Resilience From a Marginalized Perspective: Towards a Culturally Responsive Construct

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dc.contributor Alameda-Lawson, Tania
dc.contributor Elkins, Jennifer
dc.contributor Hopson, Laura
dc.contributor Smith, Brenda D.
dc.contributor.advisor Williams, Javonda Prowell, Ashley N. 2021-11-23T14:34:53Z 2021-11-23T14:34:53Z 2021
dc.identifier.other u0015_0000001_0003983
dc.identifier.other Prowell_alatus_0004D_14578
dc.description Electronic Thesis or Dissertation
dc.description.abstract Resilience can be defined as positive adaptation despite adversity or one’s ability to bounce back in the face of significant threats to development. While the general consensus on what it means to be resilient has expanded over time, our conceptualizations of the concept continue to be largely understood from a mainstream, homogeneous perspective. Underlying assumptions regarding this perspective are that: a) resilience holds the same meaning for all individuals and groups; and b) marginalized youth possess a sort of “ordinary magic” that they can and should utilize in persevering through historical and contextual constraints. The idea that promoting a perspective of resilience based on the typical behavior of the majority has the potential to do more harm than good for marginalized and disadvantaged groups, such as African Americans, is what drives the current dissertation. The current dissertation addresses this issue by answering the following questions: 1) What is the lived experience of African American youth’s resilience within the context of childhood adversity due to race and social class (specifically, low-income/poverty)? and 2) How do African Americans frame their lived experience with resilience within the context of childhood adversity due to race and social class (specifically, low-income/poverty)? This dissertation draws upon Post-structuralism, Ecological Systems Theory, and Intersectionality Theory, as it utilizes a phenomenological design with interpretive repertoires as a feature to center 9, African American individuals from low-income childhood backgrounds and their lived experience with adversity and positive adaptation. Findings identify eight themes of childhood adversity, six themes regarding external factors of positive adaptation, and six themes regarding internal factors of positive adaptation within family, community, and individual dimensions. Findings also conclude seven interpretive repertoires in which participants used to frame their lived experience with resilience, underscoring institutional and structural inequalities as a key factor in making their experience unique. Much of social work and its efforts are targeted towards the marginalized, vulnerable, and disadvantaged. Therefore, it is fitting that a contextually- and culturally-driven stance on the concept of resilience would aid social workers and their practices in being more open and inclusive of the experiences of those they aim to serve. As the concept of resilience is ubiquitous to the field of social work and its practices, it is important to understand marginalized perspectives on what it means to overcome adversity and be resilient.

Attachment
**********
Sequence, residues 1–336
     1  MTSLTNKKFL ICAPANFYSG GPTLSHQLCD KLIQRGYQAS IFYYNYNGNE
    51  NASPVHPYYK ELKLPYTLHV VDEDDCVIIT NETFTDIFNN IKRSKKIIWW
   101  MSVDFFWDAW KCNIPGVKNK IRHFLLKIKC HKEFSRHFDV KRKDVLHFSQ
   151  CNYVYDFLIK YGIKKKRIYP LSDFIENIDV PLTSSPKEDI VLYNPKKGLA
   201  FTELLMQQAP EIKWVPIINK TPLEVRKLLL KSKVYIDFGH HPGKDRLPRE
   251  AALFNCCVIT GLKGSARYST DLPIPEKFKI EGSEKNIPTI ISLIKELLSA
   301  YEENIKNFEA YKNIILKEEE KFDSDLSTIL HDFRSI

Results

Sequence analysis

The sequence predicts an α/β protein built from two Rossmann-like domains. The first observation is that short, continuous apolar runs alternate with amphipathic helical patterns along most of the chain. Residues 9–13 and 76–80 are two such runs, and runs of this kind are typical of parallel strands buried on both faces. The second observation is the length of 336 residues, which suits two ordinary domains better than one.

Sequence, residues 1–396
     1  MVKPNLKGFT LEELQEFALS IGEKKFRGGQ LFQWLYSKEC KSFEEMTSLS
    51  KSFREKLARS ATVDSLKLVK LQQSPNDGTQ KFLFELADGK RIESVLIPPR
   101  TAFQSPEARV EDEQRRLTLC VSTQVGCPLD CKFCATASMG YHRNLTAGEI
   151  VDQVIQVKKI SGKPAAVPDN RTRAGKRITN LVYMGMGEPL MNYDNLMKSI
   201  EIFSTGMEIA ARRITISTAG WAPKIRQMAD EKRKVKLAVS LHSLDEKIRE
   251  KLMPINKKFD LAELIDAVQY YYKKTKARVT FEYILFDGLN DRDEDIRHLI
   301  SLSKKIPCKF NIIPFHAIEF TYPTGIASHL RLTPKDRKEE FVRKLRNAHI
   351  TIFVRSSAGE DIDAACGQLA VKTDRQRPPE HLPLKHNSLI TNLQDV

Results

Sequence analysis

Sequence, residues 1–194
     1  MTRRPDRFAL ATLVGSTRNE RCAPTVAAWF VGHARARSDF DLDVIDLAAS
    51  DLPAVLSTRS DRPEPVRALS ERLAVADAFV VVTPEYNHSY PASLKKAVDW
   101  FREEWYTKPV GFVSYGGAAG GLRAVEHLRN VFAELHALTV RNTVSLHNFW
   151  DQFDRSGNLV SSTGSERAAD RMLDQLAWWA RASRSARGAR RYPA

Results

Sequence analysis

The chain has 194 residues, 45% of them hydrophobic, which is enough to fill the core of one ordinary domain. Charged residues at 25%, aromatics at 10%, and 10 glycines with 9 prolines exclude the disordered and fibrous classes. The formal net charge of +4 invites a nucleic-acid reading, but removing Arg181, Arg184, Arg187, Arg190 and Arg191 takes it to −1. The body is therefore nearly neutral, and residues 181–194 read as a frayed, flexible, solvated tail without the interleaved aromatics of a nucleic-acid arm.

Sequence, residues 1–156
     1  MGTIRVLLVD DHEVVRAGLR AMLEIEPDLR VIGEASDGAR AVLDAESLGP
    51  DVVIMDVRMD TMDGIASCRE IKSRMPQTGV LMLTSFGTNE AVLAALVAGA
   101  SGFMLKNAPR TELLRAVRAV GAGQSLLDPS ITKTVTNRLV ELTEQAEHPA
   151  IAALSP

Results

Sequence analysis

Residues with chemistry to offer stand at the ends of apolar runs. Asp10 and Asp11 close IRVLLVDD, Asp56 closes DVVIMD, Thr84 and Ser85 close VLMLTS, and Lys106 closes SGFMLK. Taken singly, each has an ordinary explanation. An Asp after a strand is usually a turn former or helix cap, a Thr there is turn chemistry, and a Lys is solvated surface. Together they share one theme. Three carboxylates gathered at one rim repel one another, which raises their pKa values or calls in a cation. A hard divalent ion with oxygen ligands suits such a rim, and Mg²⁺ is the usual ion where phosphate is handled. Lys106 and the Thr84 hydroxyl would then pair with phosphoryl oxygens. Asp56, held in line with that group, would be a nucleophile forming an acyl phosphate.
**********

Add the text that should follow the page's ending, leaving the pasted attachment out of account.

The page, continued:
dc.format.medium electronic
dc.format.mimetype application/pdf
dc.language English
dc.language.iso en_US
dc.publisher University of Alabama Libraries
dc.relation.ispartof The University of Alabama Electronic Theses and Dissertations
dc.relation.ispartof The University of Alabama Libraries Digital Collections
dc.relation.hasversion born digital
dc.rights All rights reserved by the author unless otherwise indicated.
dc.subject African Americans en_US
dc.subject Child and Family Welfare en_US
dc.subject Cultural Responsiveness en_US
dc.subject Marginalized Groups en_US
dc.subject Resilience Theory en_US
dc.subject Risk and Resilience en_US
dc.title Resilience From a Marginalized Perspective: Towards a Culturally Responsive Construct en_US
dc.type thesis
dc.type text University of Alabama. School of Social Work Social work The University of Alabama doctoral Ph.D.

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